What is an “Aratea”?


Rooted in the name “Aratus” for Aratus of Soli a greek didactic poet of the 3rd century BC. An Aratea consist of taking knowledge from the past and casting it in present light using modern creative languages. In doing so, contemporary information is added to the original work who is revived as a way to ensure its permanence.

«Let us begin with Zeus, whom we mortals never leave unspoken. For every street, every market-place is full of Zeus. Even the sea and the harbour are full of this deity. Everywhere everyone is indebted to Zeus. For we are indeed his offspring...»

Phaenomena 1-5
A very long time ago was a Greek didactic poet name Aratus of Soli. Aratus flourished in Macedonia in the early C3rd BC and his infamously known for his major extant work: Phaenomena (Appearances).

Didactic poetry is poetry that instructs, either in terms of moral or by providing knowledge of philosophy, religion, arts, science or skills. The purpose of Phaenomena is to give an introduction to the constellations with the rules for their risings and settings while narrating the mythological story behind every entity they represent. The positions of the constellations, north of the ecliptic, are described by reference to the principal groups surrounding the north pole (Ursa Major, Ursa Minor, Draco and Cepheus), whilst Orion serves as a point of departure for those to the south.

Aratus was neither a mathematician nor observer, from the lack of precision in the descriptions, or the absence of aim at scientific accuracy, some configurations of par- ticular groups are represented incorrectly and phenomena are described with incons- istency. These errors are partly attributed to Eudoxus himself, and partly to the way in which Aratus has used the materials supplied by him. Aratus’s Phaenomena appears to be based on two prose works - Phaenomena and Enoptron, presumably a descriptive image of the heavens by Eudoxus of Cnidus.

Nonetheless, despite those inexactitude Aratus’s work was very popular both in the Greek and Roman world, as is proved by the number of commentaries and Latin transla- tions. The author enjoyed immense prestige among Hellenistic poets, and later on, Latin versions were made by none other than Cicero. Marcu Tullius Cicero, born on 3 January 106 BC, nestrides Latin literature like a colossus, however, one part of Cicero’s output that has been traditionally been less highly valued has been his poetry. While Cicero poetical talent and legacy has been eclipsed by the virtuosity achieved by the poets of the next generation (Catullus and Lucretius) it is only recently that scholars have begun to turn a more sympathetic eye to Cicero’s verse.

As I said previously, the work of Aratus was repeatedly translated into Latin; Cicero preparing his version of the poem in the 80s BC, when he was in his early twenties. The beauty of Cicero’s work based on Aratus’s poem, know as Cicero’s Aratea, lies in the layout of the information and the editorial vision of the author. As a result, Cicero’s text (the translation of Aratus’s poem) is presented at the bottom of each page, accom- panied by a drawing of the relevant constellation. Yet these drawings are formed out of words, taken from the relevant passages of the Astronomica of Hyginus (compared to the it’s compatriot Cicero, the humble librarians set himself the task of providing a valuable companion guide to the heavens, the kind of thing the educated reader would welcome when trying to understand the more abstruse passages of the poem itself).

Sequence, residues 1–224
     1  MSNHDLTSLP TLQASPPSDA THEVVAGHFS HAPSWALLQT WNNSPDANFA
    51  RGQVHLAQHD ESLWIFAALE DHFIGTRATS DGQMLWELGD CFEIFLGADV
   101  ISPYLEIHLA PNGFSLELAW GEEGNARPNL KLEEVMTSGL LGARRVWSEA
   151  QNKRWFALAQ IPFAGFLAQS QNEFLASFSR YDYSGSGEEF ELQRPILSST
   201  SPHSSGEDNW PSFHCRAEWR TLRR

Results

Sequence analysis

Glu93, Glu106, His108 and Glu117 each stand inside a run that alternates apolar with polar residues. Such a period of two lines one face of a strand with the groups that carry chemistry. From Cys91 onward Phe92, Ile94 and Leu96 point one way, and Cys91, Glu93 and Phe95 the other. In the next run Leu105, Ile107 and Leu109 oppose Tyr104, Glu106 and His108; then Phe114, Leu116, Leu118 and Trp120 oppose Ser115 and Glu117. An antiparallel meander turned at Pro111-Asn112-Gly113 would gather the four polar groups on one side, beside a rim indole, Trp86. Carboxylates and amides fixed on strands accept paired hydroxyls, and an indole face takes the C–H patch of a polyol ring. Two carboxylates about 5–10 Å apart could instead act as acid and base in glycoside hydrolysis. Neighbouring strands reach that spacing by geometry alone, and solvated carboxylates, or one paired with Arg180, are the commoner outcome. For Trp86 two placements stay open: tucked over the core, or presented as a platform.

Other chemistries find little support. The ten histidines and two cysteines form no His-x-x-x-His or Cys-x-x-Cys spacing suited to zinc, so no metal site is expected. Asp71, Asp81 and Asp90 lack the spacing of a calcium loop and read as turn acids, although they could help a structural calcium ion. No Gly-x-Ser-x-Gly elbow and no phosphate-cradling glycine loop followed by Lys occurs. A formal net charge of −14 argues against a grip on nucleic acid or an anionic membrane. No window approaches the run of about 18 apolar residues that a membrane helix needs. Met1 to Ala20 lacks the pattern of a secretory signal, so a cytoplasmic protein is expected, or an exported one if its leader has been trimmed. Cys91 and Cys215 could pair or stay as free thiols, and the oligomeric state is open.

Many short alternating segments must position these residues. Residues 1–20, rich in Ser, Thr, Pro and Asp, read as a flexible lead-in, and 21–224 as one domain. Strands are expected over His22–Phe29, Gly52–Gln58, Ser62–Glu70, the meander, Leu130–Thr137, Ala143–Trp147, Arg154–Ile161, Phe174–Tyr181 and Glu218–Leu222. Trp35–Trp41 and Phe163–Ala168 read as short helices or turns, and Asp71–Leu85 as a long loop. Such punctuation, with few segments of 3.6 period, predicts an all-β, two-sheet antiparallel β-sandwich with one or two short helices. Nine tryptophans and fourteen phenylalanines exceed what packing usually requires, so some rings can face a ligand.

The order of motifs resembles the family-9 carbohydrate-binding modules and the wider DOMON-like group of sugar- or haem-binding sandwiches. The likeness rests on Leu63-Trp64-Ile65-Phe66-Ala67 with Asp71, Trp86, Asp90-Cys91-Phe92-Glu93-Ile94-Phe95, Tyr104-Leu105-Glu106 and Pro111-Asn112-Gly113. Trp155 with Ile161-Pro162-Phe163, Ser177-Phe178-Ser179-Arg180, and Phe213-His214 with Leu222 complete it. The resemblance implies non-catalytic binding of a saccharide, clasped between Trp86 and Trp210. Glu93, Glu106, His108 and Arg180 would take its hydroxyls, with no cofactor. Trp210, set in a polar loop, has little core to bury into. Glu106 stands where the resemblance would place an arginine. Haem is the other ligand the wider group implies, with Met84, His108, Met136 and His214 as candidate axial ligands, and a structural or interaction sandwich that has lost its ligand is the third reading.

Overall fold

Now that clear insight and description regarding the content offered in this work has been given, I shall explain why such an initiative. I do not consider my self as a writer or a poet, therefore no initiative of translating or adapting the verses written from Cicero, Aratus and Hyginus has been taken. This work is a revival, an artistic response to some of the most impressive, enlightening and trans- cending work of Art and Literature that our rich cultural legacy possesses. This Aratea is a tribute, a tribute to a vision of the world and of the heavens that illuminated the mind of our ancestors, and I believe that should illuminate ours.

I am not nostalgic, only fascinated by these classics, and a true believer that, the information they possess can still be relevant today, if one knows how to appreciate it. In this work, I confronted the content from Cicero and Hyginus to data and information that have been acquired through our current technologies. As a result I believe it is this duality, yet symbiotic, within the content, where informations belong to different time period that creates the density and uniqueness of this artistic endeavor. Finally, as it is a new endeavor, this work remains different from its predecessors on a few aspects. Firstly, compare to the Cicero’s Aratea, the text within the illustration is not extract from Hyginus Astronomica, but passages of Aratus’s poem. Consequently Hyginus’s words are displayed on the left of the illustrations. Unlike in Cicero’s Aratea, I believe Hyginus’s text needed to stand apart from the drawings to benefit from a better reading experience, and as said previously, help the reader understand the poem. On the other hand, Aratus’s verse deserve to be in the illustration, resulting in a transcending visual experience created by the symbiotic relationship of both the words of poetry and the drawings. Secondly, the work features accurate constellation line drawing where three to four of the constellation’s main star or asterism benefit from a small paragraph of infor- mation (information we have access now with our current technology). Technical data about these same main star or asterism also add to the content density of the page and enhance the learning experience.